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What's In It For Me: Why Change Management Is More Than Just Communications

When we talk about change management, transformation, or really, engagement of any kind, at a fundamental level, we’re talking about leading people to change the way they do their work, think and/or behave. Quite literally, we are looking to rewire people’s brains, sometimes in the case of a major transformation, on a massive level. Think about that for a second and let it sink in. WE ARE REWIRING PEOPLE’S BRAINS.

But that’s not quite accurate. We can’t do the rewiring. Only they can. And we can’t force them to do it. We can only provide the information and conditions that make them want to do it themselves. Which brings me to What’s In It For Me (WIIFM).

A lot of times, when we talk about “change management”, we talk about improved communications around the change. This is fabulous and necessary, but only part of the equation. Based on some change communications I’ve seen (and probably some that I’ve written), we understand the notion of WIIFM, but aren’t that great at really getting there.

In the interest of trying to move quickly and get things done, we’ve taken on the parenting approach to WIIFM, by telling people “we know what’s good for you, and we’re telling you what that is. Now change.” Doesn’t work with kids, doesn’t work with grown-ups either.

We don’t get to decide what’s good for others. Only they know what that is. Our challenge as change leaders is to have meaningful conversations and draw that out. And whatever it is that they say, they’re not wrong. Because they’re commenting on reality as they see it. It may be different than how we see it, but they’re just as entitled to their view, as we are to ours.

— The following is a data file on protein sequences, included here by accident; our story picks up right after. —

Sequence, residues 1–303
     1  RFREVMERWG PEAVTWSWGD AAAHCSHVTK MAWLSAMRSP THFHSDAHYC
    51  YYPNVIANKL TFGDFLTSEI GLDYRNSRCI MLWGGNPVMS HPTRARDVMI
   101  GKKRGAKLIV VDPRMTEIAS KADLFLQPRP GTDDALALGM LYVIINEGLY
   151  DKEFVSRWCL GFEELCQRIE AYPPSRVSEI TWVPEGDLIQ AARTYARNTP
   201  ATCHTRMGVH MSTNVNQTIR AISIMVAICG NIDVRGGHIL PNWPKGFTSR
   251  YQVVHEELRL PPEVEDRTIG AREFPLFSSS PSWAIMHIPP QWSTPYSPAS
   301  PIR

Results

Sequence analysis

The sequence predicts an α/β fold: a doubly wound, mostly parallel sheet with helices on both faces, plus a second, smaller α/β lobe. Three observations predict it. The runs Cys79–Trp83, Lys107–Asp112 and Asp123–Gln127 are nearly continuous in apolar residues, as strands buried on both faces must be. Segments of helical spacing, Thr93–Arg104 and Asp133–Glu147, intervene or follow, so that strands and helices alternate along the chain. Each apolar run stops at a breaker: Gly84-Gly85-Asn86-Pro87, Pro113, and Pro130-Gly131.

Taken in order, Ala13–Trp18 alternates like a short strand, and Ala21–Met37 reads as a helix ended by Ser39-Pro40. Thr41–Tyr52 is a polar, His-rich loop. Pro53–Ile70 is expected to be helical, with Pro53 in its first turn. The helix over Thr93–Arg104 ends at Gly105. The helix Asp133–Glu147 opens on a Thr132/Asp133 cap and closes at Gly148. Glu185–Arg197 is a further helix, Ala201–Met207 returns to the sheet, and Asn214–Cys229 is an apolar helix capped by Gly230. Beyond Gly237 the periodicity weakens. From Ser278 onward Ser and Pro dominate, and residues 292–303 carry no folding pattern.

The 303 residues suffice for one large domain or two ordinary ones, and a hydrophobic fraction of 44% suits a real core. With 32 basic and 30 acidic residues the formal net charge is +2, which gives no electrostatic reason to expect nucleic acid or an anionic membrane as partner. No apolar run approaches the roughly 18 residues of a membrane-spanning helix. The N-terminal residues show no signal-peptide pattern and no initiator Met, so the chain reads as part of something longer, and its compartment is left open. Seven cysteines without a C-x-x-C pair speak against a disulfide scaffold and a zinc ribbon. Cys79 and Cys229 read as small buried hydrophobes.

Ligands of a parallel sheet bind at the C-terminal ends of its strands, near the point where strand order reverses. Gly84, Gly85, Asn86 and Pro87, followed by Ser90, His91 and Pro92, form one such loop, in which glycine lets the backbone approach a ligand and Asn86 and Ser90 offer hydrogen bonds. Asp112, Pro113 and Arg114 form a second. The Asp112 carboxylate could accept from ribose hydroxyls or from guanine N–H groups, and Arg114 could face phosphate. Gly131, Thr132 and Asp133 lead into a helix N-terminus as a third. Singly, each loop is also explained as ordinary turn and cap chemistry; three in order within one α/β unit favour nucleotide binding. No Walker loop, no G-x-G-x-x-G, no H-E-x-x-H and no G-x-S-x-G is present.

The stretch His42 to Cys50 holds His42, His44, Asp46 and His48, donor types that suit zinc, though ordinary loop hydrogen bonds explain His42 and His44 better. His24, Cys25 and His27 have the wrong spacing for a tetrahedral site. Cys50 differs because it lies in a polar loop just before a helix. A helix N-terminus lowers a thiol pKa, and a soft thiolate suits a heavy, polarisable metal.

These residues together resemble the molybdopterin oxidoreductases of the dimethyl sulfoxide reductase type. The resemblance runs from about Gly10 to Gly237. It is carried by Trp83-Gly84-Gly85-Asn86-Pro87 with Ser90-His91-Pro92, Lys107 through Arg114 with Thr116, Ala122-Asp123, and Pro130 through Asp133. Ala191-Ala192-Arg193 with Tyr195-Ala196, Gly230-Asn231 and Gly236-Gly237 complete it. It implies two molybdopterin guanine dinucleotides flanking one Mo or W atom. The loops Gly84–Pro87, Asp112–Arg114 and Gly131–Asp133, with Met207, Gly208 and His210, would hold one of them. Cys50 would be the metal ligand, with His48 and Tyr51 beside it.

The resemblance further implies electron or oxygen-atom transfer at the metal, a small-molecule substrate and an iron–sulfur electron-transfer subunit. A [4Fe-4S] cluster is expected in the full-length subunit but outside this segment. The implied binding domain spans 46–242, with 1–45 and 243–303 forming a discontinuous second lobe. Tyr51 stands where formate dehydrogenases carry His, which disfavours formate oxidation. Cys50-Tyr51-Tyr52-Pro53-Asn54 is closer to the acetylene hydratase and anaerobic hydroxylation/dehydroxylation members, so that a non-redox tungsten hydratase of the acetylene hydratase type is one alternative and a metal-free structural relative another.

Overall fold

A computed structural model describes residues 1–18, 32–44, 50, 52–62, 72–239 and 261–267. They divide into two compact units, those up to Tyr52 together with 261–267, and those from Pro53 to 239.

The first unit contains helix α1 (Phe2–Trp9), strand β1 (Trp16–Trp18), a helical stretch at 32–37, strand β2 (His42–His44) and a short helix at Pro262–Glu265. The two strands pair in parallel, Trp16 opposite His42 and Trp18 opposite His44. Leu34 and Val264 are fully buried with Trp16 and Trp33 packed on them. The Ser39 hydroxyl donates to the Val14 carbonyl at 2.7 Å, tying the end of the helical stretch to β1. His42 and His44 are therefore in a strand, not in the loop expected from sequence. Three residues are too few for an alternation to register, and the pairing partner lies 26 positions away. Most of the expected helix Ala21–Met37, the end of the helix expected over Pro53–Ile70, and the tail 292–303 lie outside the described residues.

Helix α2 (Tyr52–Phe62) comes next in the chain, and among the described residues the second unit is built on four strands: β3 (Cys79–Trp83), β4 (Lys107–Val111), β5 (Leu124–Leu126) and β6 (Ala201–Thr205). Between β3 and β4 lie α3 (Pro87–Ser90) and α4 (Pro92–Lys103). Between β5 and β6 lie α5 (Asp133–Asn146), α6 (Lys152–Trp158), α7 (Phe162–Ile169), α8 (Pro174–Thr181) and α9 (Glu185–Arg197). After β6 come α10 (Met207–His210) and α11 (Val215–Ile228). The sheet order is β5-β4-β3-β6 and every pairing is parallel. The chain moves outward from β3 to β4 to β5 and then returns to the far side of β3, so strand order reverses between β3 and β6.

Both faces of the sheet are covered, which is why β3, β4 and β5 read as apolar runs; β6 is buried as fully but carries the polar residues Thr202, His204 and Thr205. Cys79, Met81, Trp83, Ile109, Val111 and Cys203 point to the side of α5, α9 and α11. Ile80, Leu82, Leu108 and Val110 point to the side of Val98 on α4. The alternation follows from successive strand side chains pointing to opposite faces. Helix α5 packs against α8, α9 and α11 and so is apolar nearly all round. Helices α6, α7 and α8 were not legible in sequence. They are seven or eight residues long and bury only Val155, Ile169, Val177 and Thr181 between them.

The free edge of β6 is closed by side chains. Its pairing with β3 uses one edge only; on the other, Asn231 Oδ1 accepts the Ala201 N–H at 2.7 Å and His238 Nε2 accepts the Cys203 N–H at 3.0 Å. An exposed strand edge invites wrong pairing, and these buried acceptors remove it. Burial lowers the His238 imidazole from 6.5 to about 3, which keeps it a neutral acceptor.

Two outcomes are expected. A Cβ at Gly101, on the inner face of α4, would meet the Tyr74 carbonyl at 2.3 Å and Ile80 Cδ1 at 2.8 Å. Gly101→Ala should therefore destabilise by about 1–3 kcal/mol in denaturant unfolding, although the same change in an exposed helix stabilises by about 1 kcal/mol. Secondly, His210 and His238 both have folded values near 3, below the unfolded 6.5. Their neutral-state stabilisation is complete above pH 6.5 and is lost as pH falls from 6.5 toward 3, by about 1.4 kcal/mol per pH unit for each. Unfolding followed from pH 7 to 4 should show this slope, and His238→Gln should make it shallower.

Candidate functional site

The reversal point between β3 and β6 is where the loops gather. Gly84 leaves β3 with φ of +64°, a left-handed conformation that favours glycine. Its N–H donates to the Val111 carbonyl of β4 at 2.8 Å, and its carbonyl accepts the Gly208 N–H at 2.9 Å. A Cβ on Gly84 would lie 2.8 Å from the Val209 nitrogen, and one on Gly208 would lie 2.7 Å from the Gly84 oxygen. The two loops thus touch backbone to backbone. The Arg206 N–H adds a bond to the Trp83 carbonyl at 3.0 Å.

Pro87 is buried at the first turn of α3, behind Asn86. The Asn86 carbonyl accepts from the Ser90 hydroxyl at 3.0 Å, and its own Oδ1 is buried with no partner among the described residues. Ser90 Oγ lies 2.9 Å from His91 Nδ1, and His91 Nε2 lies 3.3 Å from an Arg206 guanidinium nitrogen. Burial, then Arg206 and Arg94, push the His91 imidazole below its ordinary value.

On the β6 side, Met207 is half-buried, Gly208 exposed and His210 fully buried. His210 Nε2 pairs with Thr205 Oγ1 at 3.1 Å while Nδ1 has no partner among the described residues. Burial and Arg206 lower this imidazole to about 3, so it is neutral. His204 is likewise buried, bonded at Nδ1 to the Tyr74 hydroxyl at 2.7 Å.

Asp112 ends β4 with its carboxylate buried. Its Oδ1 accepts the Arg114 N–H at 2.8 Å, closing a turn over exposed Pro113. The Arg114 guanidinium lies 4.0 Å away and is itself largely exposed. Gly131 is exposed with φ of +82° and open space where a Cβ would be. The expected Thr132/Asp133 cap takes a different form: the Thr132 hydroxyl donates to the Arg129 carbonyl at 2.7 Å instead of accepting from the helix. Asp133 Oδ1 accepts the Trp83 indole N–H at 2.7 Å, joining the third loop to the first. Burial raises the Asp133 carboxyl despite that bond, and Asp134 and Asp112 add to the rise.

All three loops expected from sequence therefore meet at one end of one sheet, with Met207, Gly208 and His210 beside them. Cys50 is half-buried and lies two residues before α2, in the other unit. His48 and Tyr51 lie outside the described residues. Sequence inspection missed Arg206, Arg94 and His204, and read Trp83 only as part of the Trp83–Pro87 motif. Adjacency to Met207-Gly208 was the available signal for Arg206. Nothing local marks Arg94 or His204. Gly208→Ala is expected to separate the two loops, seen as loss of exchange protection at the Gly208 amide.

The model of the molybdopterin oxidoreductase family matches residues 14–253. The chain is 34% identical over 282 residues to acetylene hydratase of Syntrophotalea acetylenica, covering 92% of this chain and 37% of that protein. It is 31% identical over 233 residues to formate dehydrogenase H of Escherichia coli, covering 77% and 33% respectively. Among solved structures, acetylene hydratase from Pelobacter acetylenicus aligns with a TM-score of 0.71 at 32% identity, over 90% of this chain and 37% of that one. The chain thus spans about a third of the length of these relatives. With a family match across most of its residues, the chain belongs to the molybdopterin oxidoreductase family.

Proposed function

Once we’ve succeeded in drawing out their view of things and understanding what they need and how they can benefit from a change, it’s then our job to look at the change initiative, and find out how those things can be addressed. We have to bend and change and adapt too, to create the best possible initiative for all involved. After all, usually change leaders are seeking outcomes, not process. So if an envisioned process has to be tweaked to benefit the people involved in order to achieve the desired outcome, then that’s what should be happening.

Once the change leader demonstrates that they are open and willing to listen and consider other points of view, and accept that their interpretation of reality is only one possible one, a few things happen:

  • They create an environment of trust and credibility, gaining necessary social capital to see through the parts of the change that may be more difficult to accept.

  • Employees feel as though they have a bit more control and more of a voice in how the change happens, which lowers stress and encourages engagement and innovation.

  • Through the diverse input of ideas and open consideration of those ideas, the change becomes more well thought out and likely to succeed.

This can’t just happen once. It’s a constant dialogue. If there’s a flash round of consultations that aren’t kept up, it will be seen as a one-shot and only done to keep up appearances.

This is why change management is more than just communications. Email blasts and town halls are great, they allow a leader to communicate their interpretation of reality to a large group of people, and share pertinent information. But people won’t really take that in, unless they are allowed to express their reality, have meaningful conversations about it, and know that change leaders really care about what’s in it for them.

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